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SALT LAKE CITY — The state of Texas is experiencing widespread blackouts during a once-in-a-generation winter storm that sent temperatures plunging across large portions of the state.
Experts say the blackouts were caused by a surge in demand as the weather disabled some natural gas, coal and wind energy sources. On Wednesday, millions of Texans remained without power days after the storms began.
Utah has had its own service disruptions in the past. In September, thousands lost power across northern Utah when a high-wind event damaged infrastructure across multiple counties.
But Rocky Mountain Power spokesman David Eskelsen said Utah's energy grid is better prepared than Texas' for winter weather events.
The American electric grid is divided into multiple "reliability grids," interconnected utilities and organizations that serve as backups and suppliers to other grid members. Utah is part of the Western Electricity Coordinating Council, which serves 14 western states, two Canadian provinces, and even a bit of Mexico.
Texas has its own reliability grid, Eskelsen said, overseen by the Electric Reliability Council of Texas.
"We (in Utah) have interconnections with more utilities," he said. "And those interconnections were constructed years ago specifically for reliability purposes."
Western states keep more energy in reserve — about 12%, Eskelsen said, for contingencies — and are able to buy and sell power among themselves.
"We're also more used to winter weather and preparing for winter weather," he added.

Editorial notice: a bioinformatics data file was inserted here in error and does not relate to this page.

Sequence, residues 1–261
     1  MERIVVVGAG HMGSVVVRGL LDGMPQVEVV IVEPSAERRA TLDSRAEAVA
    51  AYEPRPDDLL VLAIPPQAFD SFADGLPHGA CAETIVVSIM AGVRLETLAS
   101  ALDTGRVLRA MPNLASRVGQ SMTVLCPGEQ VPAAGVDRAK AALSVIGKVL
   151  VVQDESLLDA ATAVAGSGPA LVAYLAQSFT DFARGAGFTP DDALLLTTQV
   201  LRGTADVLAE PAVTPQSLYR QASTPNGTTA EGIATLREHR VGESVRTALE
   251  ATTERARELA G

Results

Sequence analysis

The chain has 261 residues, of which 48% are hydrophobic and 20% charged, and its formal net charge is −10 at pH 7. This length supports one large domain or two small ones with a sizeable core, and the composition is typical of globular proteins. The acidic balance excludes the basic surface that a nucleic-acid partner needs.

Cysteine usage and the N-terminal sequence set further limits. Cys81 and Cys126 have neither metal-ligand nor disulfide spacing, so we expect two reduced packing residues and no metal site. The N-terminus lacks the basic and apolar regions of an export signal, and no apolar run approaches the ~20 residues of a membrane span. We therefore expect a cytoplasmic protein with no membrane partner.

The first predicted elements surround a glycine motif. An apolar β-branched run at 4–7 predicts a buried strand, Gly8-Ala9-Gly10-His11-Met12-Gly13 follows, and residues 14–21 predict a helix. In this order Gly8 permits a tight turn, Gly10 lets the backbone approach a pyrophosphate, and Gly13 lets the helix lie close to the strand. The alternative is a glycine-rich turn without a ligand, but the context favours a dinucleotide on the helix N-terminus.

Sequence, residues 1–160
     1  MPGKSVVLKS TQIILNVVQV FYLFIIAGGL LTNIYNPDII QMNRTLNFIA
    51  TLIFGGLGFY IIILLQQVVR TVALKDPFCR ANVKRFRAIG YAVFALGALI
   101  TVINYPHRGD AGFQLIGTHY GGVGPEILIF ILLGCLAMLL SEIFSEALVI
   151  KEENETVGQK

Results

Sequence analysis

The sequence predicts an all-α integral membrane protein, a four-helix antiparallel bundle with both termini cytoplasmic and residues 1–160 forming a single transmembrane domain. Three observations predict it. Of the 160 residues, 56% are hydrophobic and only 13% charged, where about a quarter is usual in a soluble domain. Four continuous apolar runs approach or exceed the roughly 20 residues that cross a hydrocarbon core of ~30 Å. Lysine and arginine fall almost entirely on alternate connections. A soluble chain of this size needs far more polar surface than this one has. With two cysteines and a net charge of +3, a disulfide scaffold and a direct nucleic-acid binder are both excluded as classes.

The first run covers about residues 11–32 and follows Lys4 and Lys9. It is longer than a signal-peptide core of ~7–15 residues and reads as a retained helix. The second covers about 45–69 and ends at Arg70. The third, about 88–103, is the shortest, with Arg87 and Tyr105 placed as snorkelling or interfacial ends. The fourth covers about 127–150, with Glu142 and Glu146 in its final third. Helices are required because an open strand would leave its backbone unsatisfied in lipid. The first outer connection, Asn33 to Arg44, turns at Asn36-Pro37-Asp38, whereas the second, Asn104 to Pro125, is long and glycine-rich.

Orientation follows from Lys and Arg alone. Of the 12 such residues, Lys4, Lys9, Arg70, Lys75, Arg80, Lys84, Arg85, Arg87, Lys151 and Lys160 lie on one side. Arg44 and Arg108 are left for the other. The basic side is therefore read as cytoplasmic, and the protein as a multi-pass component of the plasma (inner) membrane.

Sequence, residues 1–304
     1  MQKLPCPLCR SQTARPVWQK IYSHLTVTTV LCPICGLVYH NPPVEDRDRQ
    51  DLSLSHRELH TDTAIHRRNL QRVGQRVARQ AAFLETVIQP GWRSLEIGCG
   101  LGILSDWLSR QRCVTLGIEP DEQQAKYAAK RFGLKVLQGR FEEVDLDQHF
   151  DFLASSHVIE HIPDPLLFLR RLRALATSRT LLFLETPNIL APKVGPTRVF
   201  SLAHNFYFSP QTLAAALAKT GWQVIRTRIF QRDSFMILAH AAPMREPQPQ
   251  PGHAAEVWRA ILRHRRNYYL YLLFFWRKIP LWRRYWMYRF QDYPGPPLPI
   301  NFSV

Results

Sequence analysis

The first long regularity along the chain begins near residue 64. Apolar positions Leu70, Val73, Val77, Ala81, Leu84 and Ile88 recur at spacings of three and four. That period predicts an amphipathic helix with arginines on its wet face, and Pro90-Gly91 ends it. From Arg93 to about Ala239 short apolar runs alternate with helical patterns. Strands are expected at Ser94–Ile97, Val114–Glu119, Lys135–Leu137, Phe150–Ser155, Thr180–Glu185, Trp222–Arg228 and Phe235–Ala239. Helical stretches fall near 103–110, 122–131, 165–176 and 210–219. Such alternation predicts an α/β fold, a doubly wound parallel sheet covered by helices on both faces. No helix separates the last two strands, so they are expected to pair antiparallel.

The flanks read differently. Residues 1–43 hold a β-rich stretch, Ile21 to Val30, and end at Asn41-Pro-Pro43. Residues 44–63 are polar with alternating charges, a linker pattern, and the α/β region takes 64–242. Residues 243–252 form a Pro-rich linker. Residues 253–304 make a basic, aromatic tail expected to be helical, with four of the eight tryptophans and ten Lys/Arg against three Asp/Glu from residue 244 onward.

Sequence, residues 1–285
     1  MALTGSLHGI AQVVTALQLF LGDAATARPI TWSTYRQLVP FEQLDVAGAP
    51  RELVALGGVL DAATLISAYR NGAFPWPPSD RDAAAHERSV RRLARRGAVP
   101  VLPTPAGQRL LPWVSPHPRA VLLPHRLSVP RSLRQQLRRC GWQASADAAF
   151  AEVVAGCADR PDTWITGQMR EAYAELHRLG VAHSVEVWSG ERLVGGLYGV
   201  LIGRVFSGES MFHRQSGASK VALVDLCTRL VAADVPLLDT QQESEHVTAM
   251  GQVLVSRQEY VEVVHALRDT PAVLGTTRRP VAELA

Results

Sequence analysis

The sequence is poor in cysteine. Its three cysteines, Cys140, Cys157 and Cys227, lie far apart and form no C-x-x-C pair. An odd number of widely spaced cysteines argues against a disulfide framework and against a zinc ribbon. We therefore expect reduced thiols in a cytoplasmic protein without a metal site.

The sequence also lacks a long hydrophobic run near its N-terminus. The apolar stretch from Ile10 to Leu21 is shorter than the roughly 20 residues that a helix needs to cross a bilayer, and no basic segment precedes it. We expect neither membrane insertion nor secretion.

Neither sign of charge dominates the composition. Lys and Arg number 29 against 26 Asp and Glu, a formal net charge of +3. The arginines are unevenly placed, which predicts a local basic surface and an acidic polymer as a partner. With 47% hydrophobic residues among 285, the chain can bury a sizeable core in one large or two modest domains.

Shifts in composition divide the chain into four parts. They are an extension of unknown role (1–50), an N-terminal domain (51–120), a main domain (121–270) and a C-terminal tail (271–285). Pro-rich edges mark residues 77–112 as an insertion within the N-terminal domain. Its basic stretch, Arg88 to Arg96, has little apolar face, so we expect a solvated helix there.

All these things together make Utah unlikely to have the same problems plaguing Texas right now in the event of extremely cold weather, he said.
That's not to say western states are immune from service disruptions. California frequently struggles with rolling blackouts during hot weather and wildfires. Branden Sudduth, a vice-president of reliability planning with the Western Electricity Coordinating Council, said last year's California blackouts came during an intense heat wave across the West, when other states didn't have electricity to spare and "had to hold on to a lot of that power."
Sudduth said the southwestern states in the Western Electricity Coordinating Council footprint are vulnerable to the same winter weather disruptions seen in Texas now. "They're just not prepared for extreme weather conditions," he said. Natural gas wellheads can freeze up, as can parts or components at plants.
Sudduth said being a member of the Western Interconnection could mitigate some of those problems if, say, Arizona were to experience the same cold snap seen in Texas.
"There is the ability to import power, through a major transmission network, into the state," he said.
Organizations like the Western Electricity Coordinating Council are always learning from extreme weather events, Sudduth said, and that Utah isn't "immune" from those problems even if it is better prepared for winter weather.
If Utahns were to lose power fo an extended time during freezing temperatures, Rocky Mountain Power recommends they follow the advice of local emergency management experts. They recommend all Utahns be prepared for up to 72 hours for service disruption, Eskelsen said.
The company also has its own emergency preparedness page at RockyMountainPower.net.
"Basically, you have a contingency plan," Eskelsen said. "Other sources of heat and light, ways to prepare food, blankets, flashlights ... those kinds of things."
The site advises all Utahns to have an emergency kit with these and other items, including water, first aid supplies and cash.
Be Ready Utah, an emergency preparedness campaign from the Department of Public Safety's Division of Emergency Management, has localized information about disaster planning and readiness online at utah.gov/beready/index.html.